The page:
In the case at bar the court submitted the issue in this form: "4. If so, was said separation caused by the wrongful conduct of the plaintiff as alleged in the answer?" Under this issue the court submitted to the jury all the evidence and the contentions of both parties in relation thereto, including the defendant's claim that the separation agreement which she signed was procured by the undue influence of the plaintiff. After instructing the jury there was no evidence of fraud the court used this language: "The court will submit to you under this issue (4th) and under the *254 instructions that it (I) will give you, the question as to whether or not the plaintiff exercised undue influence upon the defendant in the execution of said deed of separation."
Thereafter the court instructed the jury as to the meaning of undue influence as applied to the evidence in this case, and charged them that the burden of proof as to that, as well as to the other elements embraced in the 4th issue, was on the defendant. The jury was instructed that a valid separation agreement between husband and wife, in the absence of fraud or undue influence, "was binding on the parties, and would be a complete bar to a wife's action or cross-action for divorce from bed and board." As to the question of the validity of the separation agreement the court charged the jury as follows: "I instruct you that if the defendant Mrs. O' Briant has satisfied you from the evidence and by its greater weight that she signed or executed the separation agreement offered here in evidence, and that she did it because of undue influence, as I have defined that term to you, that such undue influence was exerted upon her by her husband, the plaintiff in this action, and that that was the sole reason for her executing and signing that agreement, then I instruct you that agreement would be null and void and she would not be bound thereby." The jury was instructed that if defendant had failed to satisfy them from the evidence, and by its greater weight of the presence in this case of all the elements of wilful abandonment they should answer the 4th issue "No."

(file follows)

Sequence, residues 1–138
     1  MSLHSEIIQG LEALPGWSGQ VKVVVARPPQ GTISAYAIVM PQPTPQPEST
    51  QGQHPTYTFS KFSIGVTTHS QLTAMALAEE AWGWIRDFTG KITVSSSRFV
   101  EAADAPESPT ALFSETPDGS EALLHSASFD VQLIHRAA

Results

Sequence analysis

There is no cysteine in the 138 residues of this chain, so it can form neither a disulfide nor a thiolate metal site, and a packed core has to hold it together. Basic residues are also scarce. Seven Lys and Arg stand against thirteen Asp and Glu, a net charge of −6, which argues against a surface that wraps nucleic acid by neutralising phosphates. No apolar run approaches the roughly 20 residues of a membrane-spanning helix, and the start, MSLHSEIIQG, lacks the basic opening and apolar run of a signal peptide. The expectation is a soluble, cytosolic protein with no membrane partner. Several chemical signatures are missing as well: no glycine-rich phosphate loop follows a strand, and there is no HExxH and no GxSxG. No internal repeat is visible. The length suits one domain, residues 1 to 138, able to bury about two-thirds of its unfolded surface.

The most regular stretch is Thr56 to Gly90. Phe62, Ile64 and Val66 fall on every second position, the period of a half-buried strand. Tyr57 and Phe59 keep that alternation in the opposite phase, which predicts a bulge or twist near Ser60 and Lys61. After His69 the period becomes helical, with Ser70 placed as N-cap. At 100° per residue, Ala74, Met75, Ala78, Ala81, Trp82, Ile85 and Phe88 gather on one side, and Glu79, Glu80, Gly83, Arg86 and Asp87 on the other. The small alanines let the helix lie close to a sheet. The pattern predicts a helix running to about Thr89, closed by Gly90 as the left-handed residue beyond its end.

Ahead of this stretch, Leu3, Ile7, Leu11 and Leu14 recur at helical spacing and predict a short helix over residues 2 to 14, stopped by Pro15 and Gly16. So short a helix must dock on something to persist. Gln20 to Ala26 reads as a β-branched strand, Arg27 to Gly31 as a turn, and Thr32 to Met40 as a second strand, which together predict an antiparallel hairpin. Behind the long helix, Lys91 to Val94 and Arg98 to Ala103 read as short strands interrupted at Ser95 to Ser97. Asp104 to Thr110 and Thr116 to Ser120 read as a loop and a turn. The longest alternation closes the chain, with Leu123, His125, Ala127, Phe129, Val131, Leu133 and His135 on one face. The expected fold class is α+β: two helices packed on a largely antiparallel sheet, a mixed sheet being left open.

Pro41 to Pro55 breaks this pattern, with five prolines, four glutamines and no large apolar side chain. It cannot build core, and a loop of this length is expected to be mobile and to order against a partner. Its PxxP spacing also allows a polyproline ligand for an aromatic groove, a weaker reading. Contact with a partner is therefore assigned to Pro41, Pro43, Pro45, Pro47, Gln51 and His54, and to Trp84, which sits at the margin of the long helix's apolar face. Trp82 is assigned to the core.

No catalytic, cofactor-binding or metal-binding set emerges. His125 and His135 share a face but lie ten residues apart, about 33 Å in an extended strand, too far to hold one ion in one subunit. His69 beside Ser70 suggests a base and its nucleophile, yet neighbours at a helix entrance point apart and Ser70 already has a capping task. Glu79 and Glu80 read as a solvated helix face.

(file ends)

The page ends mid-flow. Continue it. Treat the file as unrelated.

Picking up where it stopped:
It would seem, therefore, that the questions of the separation agreement and of the defendant's attack thereon on the ground of undue influence were embraced in the instructions given the jury under the 4th issue in as ample a manner as the plaintiff could reasonably have required. It is not perceived that the jury could have failed to understand the instructions given them as shown by the record in this case. The plaintiff's complaint on this ground is insufficient to justify us in setting aside the verdict and judgment on the 4th issue or the 5th issue either which was addressed to defendant's cross-action for divorce a mensa.
We have examined the other exceptions noted by the plaintiff and brought forward in his assignments of error and find none of sufficient merit to require another hearing. On the record we find